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Bankrate's 2008 Retirement Guide
The road ahead
There's no perfect plan for everyone but keeping with solid fundamentals is a wise path for most to follow.
The road ahead
Best retirement moves this year
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Consider target-date funds
Target-date funds also help employees maintain a diversified mix of assets because they automatically shuffle and remix their holdings to reflect age and retirement target date. As you get older, the funds become more conservatively invested.

"People might want to look at them," says Ed Ferrigno, vice president of Washington Affairs at PSCA. "They're a convenience so you don't have to rebalance."

As helpful as target-date funds are, they're designed with a cookie-cutter approach to investing. They may, in fact, not be allocated to best suit your personal goals, financial net worth or risk tolerance.

Get professional advice
Seek help carefully. You want to hire someone who's trained in various retirement issues, not just a salesperson who's going to try to sell you a certain product, be it investments, life insurance or other assets.

But a professional can be extremely valuable in helping you allocate assets and determine if you've got the right mix to meet your specific retirement goals. Fee-only planners charge for their time, while fee-based planners earn commissions for investments they sell you.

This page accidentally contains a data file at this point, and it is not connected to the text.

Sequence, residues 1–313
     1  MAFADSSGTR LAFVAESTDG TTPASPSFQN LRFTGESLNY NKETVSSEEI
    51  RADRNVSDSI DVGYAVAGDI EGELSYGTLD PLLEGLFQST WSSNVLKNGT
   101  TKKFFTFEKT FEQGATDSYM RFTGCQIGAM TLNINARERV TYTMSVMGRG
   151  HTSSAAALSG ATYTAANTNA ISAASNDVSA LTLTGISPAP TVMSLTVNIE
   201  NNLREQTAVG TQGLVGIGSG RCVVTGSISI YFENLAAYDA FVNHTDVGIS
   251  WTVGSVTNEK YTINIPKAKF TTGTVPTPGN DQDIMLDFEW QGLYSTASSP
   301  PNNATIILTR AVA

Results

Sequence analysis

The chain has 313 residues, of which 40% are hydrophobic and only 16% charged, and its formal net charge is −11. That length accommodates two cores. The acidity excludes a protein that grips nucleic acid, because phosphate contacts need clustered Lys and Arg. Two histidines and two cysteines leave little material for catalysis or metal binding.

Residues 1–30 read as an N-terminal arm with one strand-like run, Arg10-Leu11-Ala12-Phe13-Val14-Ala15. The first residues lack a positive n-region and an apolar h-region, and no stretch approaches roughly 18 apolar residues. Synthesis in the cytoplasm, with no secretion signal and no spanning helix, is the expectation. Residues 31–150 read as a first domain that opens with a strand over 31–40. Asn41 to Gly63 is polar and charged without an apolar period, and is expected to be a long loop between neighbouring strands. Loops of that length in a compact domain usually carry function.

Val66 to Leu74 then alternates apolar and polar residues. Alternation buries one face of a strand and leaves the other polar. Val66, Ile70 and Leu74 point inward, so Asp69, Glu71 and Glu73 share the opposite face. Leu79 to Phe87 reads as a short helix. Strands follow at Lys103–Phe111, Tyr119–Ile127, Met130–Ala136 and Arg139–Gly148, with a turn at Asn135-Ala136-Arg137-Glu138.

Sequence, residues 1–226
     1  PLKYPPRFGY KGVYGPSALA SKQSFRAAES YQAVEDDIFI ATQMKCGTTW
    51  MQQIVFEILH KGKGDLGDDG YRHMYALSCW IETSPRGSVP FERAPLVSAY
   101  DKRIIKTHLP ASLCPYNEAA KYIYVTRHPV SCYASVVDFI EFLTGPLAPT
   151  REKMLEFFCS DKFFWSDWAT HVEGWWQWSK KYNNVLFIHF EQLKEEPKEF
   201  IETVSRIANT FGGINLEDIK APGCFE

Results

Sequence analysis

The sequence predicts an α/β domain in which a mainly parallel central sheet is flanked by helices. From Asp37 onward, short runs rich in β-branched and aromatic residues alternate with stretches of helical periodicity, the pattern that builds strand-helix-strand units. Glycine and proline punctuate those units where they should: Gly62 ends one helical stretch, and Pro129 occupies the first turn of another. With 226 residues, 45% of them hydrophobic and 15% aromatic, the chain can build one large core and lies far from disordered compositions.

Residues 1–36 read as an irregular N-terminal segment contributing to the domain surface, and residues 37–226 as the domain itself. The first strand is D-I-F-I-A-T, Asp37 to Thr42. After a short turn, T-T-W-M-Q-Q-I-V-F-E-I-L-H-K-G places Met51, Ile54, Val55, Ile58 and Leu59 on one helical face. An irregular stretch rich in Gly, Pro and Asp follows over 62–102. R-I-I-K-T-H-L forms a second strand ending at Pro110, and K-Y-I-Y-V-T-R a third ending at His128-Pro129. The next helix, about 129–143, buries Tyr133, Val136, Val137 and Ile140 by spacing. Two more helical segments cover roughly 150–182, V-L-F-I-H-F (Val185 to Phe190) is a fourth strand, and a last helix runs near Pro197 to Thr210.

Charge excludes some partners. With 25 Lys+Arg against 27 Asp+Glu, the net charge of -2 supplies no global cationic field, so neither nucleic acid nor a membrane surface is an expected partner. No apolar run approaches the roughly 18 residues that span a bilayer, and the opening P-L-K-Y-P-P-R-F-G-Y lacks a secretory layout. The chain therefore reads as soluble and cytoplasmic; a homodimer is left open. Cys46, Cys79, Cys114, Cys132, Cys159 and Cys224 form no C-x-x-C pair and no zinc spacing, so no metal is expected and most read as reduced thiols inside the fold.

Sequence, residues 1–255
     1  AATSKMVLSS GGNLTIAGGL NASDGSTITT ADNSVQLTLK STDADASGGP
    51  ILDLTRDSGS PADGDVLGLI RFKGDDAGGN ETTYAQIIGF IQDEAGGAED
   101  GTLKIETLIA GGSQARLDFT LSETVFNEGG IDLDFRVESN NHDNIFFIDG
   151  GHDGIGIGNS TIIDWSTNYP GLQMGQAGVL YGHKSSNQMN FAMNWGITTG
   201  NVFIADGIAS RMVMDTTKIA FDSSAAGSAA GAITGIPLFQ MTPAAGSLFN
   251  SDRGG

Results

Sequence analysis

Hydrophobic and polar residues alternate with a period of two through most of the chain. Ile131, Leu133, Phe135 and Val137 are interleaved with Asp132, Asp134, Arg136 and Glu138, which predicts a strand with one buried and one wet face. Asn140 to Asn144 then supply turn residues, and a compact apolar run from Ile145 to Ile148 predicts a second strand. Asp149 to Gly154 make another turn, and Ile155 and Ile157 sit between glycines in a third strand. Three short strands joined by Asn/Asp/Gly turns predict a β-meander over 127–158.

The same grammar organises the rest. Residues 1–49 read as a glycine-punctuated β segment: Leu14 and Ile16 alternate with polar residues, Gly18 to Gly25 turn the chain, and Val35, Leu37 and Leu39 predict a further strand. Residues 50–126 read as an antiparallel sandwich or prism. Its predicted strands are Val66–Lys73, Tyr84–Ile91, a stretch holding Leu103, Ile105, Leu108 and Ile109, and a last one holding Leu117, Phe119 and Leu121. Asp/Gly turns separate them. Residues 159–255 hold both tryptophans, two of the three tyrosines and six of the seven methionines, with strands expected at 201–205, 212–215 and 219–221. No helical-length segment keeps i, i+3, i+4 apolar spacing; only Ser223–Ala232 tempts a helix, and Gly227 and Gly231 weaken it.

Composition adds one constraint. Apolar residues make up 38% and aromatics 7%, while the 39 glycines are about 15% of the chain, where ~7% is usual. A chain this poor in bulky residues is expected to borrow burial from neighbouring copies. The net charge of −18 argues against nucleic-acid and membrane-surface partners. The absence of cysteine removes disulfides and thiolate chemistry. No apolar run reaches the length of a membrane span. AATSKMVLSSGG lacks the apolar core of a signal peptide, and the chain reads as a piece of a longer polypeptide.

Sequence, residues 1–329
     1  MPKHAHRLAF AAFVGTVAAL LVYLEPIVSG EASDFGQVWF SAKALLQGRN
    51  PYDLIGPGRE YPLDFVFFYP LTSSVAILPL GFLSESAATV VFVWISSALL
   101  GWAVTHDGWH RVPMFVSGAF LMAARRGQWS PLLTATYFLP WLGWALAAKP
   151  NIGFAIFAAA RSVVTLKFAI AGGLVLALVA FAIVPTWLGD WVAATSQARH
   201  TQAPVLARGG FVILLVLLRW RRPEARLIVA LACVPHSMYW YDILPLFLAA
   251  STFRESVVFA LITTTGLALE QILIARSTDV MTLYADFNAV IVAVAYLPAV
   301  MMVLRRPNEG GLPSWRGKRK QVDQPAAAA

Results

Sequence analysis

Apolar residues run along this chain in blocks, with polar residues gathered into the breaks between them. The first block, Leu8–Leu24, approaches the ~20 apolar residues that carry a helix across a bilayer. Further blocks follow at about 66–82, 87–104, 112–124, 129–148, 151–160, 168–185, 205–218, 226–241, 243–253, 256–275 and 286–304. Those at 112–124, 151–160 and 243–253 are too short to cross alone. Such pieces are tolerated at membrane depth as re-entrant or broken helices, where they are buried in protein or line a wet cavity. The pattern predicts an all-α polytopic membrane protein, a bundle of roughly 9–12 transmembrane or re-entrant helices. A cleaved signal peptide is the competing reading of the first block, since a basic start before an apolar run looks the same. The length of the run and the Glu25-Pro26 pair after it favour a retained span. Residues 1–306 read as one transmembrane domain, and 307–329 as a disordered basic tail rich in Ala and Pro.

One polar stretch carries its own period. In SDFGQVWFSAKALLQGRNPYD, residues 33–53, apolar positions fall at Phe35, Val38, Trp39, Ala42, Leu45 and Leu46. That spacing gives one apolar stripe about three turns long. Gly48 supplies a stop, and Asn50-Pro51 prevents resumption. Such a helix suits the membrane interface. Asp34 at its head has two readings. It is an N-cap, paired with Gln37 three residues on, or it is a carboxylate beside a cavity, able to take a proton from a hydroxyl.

While word-of-mouth references are a good way to start tracking down help, it may be advisable to seek a professional agency, which requires members to adhere to certain training and other standards. The American Institute of Certified Public Accountants, or AICPA, has a list of CPAs who've earned an extra Personal Financial Specialist credential by passing tests on a variety of comprehensive planning topics, including retirement.

Certified Financial Planners, or CFPs, are required to pass exams for accreditation; you can look for those who specialize in retirement, through the Financial Planning Association.

Make a withdrawal plan
If you're hovering near that magic retirement age, it's time to start planning how you'll withdraw retirement assets. That's because the IRS requires you to start taking required minimum distributions from certain accounts, like 401(k) plans and traditional IRAs, by April 1 of the year after you turn 70.

Tread lightly. Taking assets from tax-sheltered retirement funds isn't like driving up to the ATM machine; you trigger taxes when you obtain your money. Generally, the more money you take at once, the bigger and more immediate your tax hit. The trick is to minimize taxes as much as possible.

In fact, you could lose as much as 70 percent of your nest egg to income taxes, estate taxes and state taxes by choosing the wrong distribution method, warns Slott.

-- Posted: Nov. 10, 2008
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